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Hearing loss may be difficult to accept and many people do not know where to begin. Our team of ENT physicians and audiologists at Ear, Nose and Throat Specialists of Wisconsin will work close with you to determine what your hearing needs are.

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Hearing Aid Repairs and Troubleshooting

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a man repairing hearing aids

As advanced as they are, hearing aids are not completely indestructible. In fact, the technology inside of them can be quite delicate. This means that they can suffer from faults and malfunctions. Without the right care, your hearing aids may not see the kind of longevity that they’re designed to.

For that reason, we’ll look at how you can troubleshoot a hearing aid that isn’t working as well as it should be, steps to repair and prevent problems, and why you need an audiologist when all else fails.

Hearing aid troubleshooting

You may be able to make some repairs yourself, depending on what the issue with the hearings is. Here, we’re going to look at some of the most common troubleshooting methods that can pick up a wide range of the frequent issues:

If the hearing aid is too quiet or makes no sound at all, you should start by looking into the sound outlet and microphone opening for blockages. If there’s wax or dust there, you should clear it away. Then put a fully charged battery inside, turn it on, and put the hearing aid in. Turn the volume up and adjust the settings to see if the problem has been fixed. If not, change the battery. If it’s not the battery, then call your audiologist.

If the hearing aid is producing a sound but it’s distorted or sounds odd, you should replace the batteries, first, as there may be wear or corrosion affecting them. Check to see if the battery contacts inside the battery compartment are dirty. These are the small metal pins, and you can wipe them clean with a dry cloth. If they look out of place, try adjusting them and see if the replacement battery works, then try switching listening profiles or memories. If that doesn’t work, call your audiologist.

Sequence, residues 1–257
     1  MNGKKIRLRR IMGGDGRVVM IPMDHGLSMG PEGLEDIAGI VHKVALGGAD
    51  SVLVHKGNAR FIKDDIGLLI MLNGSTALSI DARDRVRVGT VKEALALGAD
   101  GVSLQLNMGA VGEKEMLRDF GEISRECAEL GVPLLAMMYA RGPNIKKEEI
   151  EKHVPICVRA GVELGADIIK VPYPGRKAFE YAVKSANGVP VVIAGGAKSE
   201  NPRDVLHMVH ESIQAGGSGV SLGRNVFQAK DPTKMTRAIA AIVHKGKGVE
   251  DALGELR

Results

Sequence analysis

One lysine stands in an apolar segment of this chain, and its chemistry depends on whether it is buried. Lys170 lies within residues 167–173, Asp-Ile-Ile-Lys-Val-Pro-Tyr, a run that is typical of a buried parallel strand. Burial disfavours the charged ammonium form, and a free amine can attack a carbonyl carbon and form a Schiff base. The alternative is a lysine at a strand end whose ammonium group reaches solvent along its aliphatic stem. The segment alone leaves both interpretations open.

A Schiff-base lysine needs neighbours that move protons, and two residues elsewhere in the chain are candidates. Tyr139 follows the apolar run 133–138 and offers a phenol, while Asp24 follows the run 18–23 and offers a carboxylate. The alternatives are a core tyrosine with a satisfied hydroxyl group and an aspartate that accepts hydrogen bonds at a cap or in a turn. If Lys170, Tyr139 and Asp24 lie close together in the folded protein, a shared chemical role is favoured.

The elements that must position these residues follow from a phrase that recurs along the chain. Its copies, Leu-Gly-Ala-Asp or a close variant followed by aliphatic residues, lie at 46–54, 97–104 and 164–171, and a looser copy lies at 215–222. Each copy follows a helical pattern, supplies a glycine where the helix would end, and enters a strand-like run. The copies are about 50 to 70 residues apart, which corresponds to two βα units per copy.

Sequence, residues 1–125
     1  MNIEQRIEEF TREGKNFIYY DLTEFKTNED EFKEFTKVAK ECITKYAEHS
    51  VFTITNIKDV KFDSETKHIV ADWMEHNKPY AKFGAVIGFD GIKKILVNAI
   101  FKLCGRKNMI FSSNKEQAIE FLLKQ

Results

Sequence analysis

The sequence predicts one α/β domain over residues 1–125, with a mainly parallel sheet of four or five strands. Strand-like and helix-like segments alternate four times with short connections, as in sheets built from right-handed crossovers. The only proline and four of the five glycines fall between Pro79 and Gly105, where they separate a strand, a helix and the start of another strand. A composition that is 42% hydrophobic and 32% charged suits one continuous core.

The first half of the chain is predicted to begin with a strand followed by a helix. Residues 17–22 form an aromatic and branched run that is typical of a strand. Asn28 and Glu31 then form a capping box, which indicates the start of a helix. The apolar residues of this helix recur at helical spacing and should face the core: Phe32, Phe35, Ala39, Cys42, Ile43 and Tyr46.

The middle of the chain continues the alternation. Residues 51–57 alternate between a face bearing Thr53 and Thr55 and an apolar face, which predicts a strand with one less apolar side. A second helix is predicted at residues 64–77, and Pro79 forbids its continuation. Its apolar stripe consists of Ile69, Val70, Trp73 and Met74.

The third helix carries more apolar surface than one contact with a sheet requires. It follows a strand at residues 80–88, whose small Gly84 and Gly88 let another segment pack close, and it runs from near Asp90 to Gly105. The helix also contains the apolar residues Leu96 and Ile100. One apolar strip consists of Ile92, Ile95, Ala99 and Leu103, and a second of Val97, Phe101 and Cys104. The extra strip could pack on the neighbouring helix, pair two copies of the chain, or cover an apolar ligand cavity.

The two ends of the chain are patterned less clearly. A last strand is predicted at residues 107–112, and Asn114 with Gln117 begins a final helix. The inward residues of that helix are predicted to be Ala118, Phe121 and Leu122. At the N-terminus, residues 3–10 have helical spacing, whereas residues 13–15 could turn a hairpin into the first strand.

If you hear a high-pitched, whistling noise known as feedback, you should try removing and putting your hearing aids back in. Adjust the volume to see if it goes away when you turn it down, and clean away any earwax you see in the device. If that works, then your audiologist can reprogram them to prevent it in future.

Turning your device on and off, replacing the batteries and turning the device on and off are always a good idea, even if the problem isn’t one of the issues named above.

Hearing aid repairs and prevention

The issues named above can also be prevented in some cases, if you take proper care of your hearing aids. Here are a few preventative repairs and maintenance tips worth keeping in mind:

  • Keep your hearing aids dry as they are especially vulnerable to moisture. Moisture can affect the circuitry inside, and it can also corrode the battery, causing it to leak acid that can further damage the hearing aid. Don’t wear your hearing aid in the bathroom, especially when the air is humid due to a shower or bath, and keep it in a dehumidifier when it’s not in use.
  • Keep your hearing aids clean, making sure that dirt, earwax, and other debris doesn’t have the chance to block the different components. Dirt also attracts moisture, which, as mentioned, can cause a lot of damage. Simply wiping the device clean with a dry cloth every day can work, but you should also ask your audiologist about hearing aid cleaning kits.
  • Watch out for earwax as it can eventually build up to the point that it blocks the different parts of your hearing aids. If you wear hearing aids, you are more likely to experience more earwax than most people. Your audiologist can arrange routine professional ear cleanings to help you keep on top of the issue.

When in doubt, call your audiologist

If the troubleshooting and preventive hearing aid repairs above aren’t working, then you might need more technical help. Thankfully, audiologists are trained not only in diagnosing and treating a range of hearing related issues, but in many common hearing aid repairs, too.

Your audiologist can make a majority of the most common fixes in one appointment. If the problem is more complicated, they can call the manufacturer for repairs and replacement. They can also offer a temporary replacement so that you don’t have to live without a hearing aid while waiting.

If you need help with your hearing aids, don’t hesitate to get in touch with one of the team members at Audiology and Hearing Aid Center. You can call us at 920-969-1768 to learn more about how we can help and to arrange an appointment.